“…I have learned to be content in whatever circumstances I am. I know both how to have a little, and I know how to have a lot. In any and all circumstances I have learned the secret of being content – whether well-fed or hungry, whether in abundance or in need. I am able to do all things through Him who strengthens me.” Philippians 4: 11-13
About eight years ago, I wanted something desperately. I felt as though I wouldn’t be able to breathe if I didn’t get this thing, this blessing, this necessity-for-happiness. But circumstances meant that I could never have my heart’s desire. Ever. And so, I was walking misery.
And it was while I was out walking for exercise one day that this verse flooded my soul. Yes, God confirmed, He would never give me my sought-after thing. And He was ok with that. He told me I could choose to be content in my current circumstances, with the blessings He had already given me, or I could choose to be despondent, yearning for something I’d never receive.
Well, who wants to be despondent? I mean, who chooses that option? Me. I was choosing it. And in that moment, I realized I didn’t have to feel that way. I could choose to be content. Like Paul, I learned the secret of contentment: mustering Christ’s strength (not my own), I chose to breathe thankfulness for what I already had and let go of what would never be mine. Peace flooded my soul.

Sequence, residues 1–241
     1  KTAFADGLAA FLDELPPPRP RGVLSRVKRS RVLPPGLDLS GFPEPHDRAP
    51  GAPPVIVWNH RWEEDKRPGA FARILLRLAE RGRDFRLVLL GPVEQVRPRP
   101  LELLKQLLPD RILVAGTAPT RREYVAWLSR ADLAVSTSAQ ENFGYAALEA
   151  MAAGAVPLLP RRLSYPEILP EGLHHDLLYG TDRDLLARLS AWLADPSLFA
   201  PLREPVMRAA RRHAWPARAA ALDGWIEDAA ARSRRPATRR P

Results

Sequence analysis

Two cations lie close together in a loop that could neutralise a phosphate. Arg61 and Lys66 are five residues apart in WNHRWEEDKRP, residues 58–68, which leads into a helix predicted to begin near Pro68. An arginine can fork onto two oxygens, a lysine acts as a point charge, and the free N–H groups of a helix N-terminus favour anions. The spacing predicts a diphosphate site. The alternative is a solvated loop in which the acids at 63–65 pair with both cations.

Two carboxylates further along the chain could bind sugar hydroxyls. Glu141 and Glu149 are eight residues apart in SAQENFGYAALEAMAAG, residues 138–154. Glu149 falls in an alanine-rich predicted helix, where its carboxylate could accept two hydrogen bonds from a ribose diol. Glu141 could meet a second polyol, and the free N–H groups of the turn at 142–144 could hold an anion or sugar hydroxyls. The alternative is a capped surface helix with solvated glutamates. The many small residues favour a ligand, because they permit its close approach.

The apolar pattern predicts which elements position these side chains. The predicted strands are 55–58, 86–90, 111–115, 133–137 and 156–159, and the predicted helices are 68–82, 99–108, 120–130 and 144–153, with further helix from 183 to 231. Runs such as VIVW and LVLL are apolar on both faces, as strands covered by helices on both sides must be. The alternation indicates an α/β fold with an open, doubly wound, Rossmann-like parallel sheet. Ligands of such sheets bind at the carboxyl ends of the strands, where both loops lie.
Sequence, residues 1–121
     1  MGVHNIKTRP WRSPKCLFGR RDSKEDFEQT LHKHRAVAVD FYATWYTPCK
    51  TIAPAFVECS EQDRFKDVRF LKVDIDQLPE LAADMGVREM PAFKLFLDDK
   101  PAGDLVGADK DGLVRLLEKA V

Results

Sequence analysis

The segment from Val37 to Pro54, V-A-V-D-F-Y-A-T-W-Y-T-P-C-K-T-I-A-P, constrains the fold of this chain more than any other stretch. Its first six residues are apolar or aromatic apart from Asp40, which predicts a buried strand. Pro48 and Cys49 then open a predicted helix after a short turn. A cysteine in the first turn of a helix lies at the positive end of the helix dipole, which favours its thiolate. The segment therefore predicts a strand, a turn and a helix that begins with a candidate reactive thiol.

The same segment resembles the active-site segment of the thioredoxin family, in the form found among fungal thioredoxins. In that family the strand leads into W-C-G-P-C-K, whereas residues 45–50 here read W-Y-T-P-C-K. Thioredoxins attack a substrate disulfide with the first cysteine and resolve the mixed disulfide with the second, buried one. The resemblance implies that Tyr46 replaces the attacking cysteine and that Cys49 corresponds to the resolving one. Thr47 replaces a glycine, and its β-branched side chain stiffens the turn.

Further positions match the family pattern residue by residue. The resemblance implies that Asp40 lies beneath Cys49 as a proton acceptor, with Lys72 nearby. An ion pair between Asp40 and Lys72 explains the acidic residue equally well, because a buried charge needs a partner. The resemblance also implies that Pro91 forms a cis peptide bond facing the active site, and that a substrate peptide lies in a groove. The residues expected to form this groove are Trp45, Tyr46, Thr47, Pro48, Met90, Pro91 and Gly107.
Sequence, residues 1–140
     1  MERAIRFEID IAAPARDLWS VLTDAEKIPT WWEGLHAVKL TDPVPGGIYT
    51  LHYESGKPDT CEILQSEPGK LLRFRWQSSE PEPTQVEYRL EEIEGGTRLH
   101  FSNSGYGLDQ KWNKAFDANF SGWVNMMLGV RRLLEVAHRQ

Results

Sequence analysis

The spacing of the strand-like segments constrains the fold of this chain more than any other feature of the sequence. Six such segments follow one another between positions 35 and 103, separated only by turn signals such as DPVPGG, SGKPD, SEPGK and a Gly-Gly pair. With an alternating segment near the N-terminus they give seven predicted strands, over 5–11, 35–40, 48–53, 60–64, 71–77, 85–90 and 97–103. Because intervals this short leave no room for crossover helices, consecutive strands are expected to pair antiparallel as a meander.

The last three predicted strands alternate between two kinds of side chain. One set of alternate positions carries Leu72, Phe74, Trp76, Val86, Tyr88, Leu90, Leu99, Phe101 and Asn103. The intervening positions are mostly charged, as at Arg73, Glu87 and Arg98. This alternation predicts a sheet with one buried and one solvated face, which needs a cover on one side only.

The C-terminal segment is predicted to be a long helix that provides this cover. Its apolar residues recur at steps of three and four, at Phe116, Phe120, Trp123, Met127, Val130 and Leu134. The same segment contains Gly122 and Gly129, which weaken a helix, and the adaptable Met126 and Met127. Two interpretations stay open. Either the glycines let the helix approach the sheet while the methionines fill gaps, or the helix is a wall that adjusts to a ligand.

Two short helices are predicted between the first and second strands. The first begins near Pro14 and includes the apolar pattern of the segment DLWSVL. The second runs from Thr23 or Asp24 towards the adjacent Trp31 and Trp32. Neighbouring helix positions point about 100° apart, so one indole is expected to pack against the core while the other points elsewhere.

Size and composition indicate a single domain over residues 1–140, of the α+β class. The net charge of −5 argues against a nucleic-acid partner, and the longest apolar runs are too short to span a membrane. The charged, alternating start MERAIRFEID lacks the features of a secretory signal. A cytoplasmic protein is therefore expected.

Peace and discontentment do not reside together. Angst is desire’s best friend. This gets tricky, though. I believe that God gives us dreams to chase after, ambitions to pursue. But discerning the ambitions wrought by His hand from the selfish desires of our fleshly hearts can be difficult.
How can I determine one from the other?
As Susan pointed out, misery may hold a clue. Despondency? This is not the will of God. Even in His most excruciating moments, Jesus did not become despondent. His plea for another way, though intense beyond imagination, did not smoother His contentment in the will of God. Conversely, Jesus was still able to lay down His angst and submit to the will of the Father.
I believe Paul tells us. All things can be done in the strength of the Spirit of God. And that strength smoothers unhappiness. That strength provides the contentment we long for, even when what we sought is not what is given.